As president of Oregon State University, Jayathi Murthy hopes to boost enrollment with the help of the school’s online learning program.

Aug 04 2023

Q&A: Jayathi Murthy Works to Deliver Higher Education Across Oregon

The Oregon State University president aims to fulfill the land-grant mission in an online world.

Jayathi Murthy’s term as president of Oregon State University began in September 2022. A mechanical engineer with decades of experience in both academia and industry, she was previously the dean of the UCLA Henry Samueli School of Engineering and Applied Science. She spoke to EdTech about delivering education across Oregon, building a relationship with Oregon State University’s IT department and the critical importance of public higher education.

EDTECH: Oregon State is seeing enrollment growth during a difficult moment for higher education, and its Ecampus program is a driver of that trend. What is your vision for Ecampus?

​MURTHY: Ecampus has been growing exponentially for several years now. We were successful with Ecampus long before COVID hit, so the structures that drive excellence are all in place.

Oregon is a small-population state; we’re just over four million people, and large parts of the state are sparsely populated. Ecampus allows us to deliver on the vision of Oregon State as a land-grant university: to offer accessible, affordable, high-quality higher ed all across the state. We have a lot of learners who can’t make it to Corvallis.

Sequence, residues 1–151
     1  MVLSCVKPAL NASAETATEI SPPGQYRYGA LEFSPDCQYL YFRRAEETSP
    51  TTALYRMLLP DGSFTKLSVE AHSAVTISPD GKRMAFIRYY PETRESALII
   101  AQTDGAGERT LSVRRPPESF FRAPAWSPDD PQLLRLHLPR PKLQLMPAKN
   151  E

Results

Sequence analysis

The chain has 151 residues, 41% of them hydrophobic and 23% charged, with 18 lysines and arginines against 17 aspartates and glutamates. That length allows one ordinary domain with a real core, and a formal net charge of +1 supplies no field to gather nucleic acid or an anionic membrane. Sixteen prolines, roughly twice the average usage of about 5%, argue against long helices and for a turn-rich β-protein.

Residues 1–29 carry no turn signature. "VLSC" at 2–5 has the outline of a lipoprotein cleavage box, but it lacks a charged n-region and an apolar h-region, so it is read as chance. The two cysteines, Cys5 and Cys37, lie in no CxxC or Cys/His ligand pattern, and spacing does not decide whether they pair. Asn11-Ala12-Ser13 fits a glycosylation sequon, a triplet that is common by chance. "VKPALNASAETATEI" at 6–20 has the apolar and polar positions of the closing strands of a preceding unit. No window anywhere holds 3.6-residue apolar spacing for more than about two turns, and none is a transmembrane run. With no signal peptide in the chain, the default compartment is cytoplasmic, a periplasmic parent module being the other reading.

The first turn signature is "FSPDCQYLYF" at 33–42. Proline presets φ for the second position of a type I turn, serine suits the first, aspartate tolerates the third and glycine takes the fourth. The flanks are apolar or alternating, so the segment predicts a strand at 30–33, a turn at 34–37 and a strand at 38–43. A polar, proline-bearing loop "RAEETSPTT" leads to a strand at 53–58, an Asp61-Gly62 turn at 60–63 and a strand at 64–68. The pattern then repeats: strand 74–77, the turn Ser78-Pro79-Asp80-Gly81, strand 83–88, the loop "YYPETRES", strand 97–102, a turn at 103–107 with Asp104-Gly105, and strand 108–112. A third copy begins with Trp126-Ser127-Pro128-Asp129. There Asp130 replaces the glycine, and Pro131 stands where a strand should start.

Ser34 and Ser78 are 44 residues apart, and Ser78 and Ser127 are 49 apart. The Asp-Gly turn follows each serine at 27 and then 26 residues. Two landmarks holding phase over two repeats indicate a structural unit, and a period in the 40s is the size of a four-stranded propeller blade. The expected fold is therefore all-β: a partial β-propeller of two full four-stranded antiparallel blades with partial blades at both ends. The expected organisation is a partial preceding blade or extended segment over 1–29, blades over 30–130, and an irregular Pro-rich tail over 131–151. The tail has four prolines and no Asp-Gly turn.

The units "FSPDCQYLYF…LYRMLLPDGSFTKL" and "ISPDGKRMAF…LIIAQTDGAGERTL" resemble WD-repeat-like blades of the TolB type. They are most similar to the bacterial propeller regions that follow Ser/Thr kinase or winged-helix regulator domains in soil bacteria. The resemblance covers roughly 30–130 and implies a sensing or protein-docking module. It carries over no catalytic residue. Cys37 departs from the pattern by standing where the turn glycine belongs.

Delivering education across a large but sparsely populated state is part of our history and rooted in our mission. OSU has been providing educational resources to place-bound Oregonians for more than 100 years. Faculty traveled across the state by rail and by car. They used to teach using radio and television. That engagement is a part of our DNA.

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EDTECH: How do you ensure that Ecampus is both welcoming and rigorous?

MURTHY: There is always the concern with online programs that students are disconnected from the campus. It’s harder to support them unless you do it deliberately. We have a centralized online learning division, and we’ve had it for a long time, since 2002.

Ecampus is the same level of rigor as all of our 100 undergraduate and graduate programs that we offer online. They have the same learning outcomes. Faculty who teach on campus are the same faculty who develop online courses. It’s not an accident that we’re ranked in the top 10 nationally by U.S. News and World Report for online bachelor’s programs. We’ve been ranked highly for nine years now.

EDTECH: How do you approach your relationship with the IT department?

MURTHY: IT used to be something you did on the side, but it’s increasingly clear that IT is the backbone, the great connector. It’s a huge priority in our OSU strategic plan and a big part of our success, not only on the Ecampus front but also with research delivery, research computing, relationship management and client management.